So this post at Elle Magazine's website (a repost of something at Esquire's website) went mildly viral earlier this week. It summarized — allegedly summarized — the results of a new study looking at "post-relationship friendships," or PRTs. The headline of the post at Elle: "If You're Still Friends With Your Ex, Chances Are You're a Psychopath."

Researchers at Oakland University studied the post-relationship friendships of 861 people and found that those with darker personality traits were more likely to keep exes around as friends. What's more, they purposefully kept them around to exchange "desirable resources" like hookups and other sexual relationships. They also thought staying friends was more practical (for them) than cutting ties. So, if the person you are dating is still weirdly close with their ex — "she's just a friend!" — run away.

Science says run from people who are friends with their exes? I've always advised people to regard "on friendly terms with ex" as a good sign — something to run toward, not away from. IMO a person who's on good terms with their exes — on good terms, friends or friendly, not "weirdly close" (which is a pretty subjective measure) — is probably a better human being and a better potential BF/GF/NBF than someone who hates their exes and is hated by them. Which is not to say that you shouldn't date someone who isn't close to their exes. But there's a clear difference between someone who actively loathes and despises their exes and someone who has simply detached and moved on from their exes.


I went and read the study itself, which Elle gets some credit for linking, and the abstract didn't seem to be saying what Elle was saying it said. So I emailed the lead author of the study, Justin Mogilski, a PhD candidate at Oakland University, and asked if I could interview him about his research. He agreed. And — surprise! — Elle (and just about every other media outlet that reported on his study) got it wrong: science does not say "run from people who are friends with their exes."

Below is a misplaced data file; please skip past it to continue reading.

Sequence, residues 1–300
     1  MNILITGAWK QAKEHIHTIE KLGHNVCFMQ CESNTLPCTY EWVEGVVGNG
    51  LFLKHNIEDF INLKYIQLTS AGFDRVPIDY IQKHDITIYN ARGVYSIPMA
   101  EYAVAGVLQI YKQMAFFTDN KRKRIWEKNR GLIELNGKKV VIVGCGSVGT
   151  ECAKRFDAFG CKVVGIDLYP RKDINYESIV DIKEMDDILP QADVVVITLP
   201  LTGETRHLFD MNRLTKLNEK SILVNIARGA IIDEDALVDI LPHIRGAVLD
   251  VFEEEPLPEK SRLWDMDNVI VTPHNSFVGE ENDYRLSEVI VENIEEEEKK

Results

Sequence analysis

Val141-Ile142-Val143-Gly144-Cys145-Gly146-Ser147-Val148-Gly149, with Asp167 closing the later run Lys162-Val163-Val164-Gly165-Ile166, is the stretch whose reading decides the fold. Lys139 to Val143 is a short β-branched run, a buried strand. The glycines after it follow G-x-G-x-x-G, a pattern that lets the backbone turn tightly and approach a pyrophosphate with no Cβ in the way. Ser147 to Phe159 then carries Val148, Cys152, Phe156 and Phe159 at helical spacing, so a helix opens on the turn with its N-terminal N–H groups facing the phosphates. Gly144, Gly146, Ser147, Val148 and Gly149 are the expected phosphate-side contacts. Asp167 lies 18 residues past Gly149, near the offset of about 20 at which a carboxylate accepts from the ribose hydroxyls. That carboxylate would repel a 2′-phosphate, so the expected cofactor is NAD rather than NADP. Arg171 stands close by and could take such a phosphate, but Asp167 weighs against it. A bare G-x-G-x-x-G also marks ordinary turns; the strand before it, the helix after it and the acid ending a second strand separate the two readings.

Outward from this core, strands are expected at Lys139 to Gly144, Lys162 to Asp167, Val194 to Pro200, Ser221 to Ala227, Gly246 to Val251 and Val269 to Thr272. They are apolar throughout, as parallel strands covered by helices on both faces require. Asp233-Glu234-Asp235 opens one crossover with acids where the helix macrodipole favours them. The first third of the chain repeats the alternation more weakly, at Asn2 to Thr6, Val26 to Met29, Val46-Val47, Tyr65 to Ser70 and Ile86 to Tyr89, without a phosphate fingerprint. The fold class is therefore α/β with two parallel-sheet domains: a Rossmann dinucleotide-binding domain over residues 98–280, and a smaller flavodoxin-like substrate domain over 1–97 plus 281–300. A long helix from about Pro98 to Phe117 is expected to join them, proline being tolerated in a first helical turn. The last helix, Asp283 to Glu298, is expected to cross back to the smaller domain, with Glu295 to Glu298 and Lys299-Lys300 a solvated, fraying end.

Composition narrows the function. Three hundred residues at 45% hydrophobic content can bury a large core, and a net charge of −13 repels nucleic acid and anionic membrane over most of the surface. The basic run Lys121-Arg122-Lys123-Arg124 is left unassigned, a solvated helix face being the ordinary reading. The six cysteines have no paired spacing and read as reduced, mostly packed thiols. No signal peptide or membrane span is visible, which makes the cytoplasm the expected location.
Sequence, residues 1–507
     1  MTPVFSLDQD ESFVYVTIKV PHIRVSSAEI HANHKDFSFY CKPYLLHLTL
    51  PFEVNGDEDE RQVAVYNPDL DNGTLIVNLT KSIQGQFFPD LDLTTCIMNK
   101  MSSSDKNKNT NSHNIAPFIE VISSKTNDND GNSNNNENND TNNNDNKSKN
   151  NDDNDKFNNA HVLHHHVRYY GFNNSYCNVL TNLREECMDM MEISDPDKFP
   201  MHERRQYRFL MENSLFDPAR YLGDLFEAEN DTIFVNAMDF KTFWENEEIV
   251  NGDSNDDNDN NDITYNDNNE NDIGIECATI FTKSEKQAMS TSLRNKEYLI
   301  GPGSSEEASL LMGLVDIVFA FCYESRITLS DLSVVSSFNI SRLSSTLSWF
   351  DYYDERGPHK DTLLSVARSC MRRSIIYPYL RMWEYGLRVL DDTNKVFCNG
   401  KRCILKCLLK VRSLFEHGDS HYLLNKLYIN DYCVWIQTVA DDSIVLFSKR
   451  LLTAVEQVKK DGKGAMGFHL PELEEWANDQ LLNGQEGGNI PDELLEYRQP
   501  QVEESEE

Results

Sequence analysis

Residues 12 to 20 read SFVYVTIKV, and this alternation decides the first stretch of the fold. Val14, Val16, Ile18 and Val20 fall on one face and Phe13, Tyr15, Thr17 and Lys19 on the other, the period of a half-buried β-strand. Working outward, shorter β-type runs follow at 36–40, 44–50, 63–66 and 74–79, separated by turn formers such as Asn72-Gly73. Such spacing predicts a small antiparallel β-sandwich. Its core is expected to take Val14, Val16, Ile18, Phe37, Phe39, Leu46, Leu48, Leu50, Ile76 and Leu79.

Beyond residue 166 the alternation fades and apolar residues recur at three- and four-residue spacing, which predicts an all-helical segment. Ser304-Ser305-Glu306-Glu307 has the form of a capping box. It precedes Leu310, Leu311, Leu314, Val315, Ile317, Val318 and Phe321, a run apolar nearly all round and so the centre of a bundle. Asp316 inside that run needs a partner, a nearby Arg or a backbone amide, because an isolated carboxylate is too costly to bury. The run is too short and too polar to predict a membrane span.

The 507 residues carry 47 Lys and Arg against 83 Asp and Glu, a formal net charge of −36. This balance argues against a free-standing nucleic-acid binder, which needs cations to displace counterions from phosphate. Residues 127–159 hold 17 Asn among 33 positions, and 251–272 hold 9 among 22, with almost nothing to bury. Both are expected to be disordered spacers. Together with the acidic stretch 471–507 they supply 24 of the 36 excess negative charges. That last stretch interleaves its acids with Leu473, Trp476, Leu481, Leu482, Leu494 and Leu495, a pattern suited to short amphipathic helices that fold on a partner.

My Q&A with Mogilski is after the jump.


DAN SAVAGE: Why do some people remain friends with their exes? Why do people enter into PRFs, or “post-relationship friendships,” as you call them?

JUSTIN MOGILSKI: Well, the point of our whole study was to identify all the different reasons people might remain friends with their exes. Presumably just as people get into relationships for lots of different reasons, they stay friends after the romantic relationship ends for lots of different reasons. We had people nominate reasons for why people remain friends with their exes and in the end we identified seven main reasons why people remain friends: Reliability and sentimentality (i.e., your ex was trustworthy or emotionally supportive), pragmatism (i.e., their friendship was practical or strategic), continued romantic attraction (i.e., you are still in love with your ex), children and shared resources (i.e., you had offspring together, shared bills, or worked together professionally), diminished romantic attraction (i.e., you lost sexual or romantic interest in your ex), social relationship maintenance (i.e., you had a shared group of friends and didn’t want to create awkwardness in your social groups), and sexual access (i.e., they wanted to still have sex with an ex).

DS: Here’s how Elle Magazine — in a widely-shared post — summed up the findings of your study: “If the person you are dating is still weirdly close with their ex— ‘she's just a friend!’ — run away.” Is that the takeaway? Should you dump someone who’s friendly with an ex?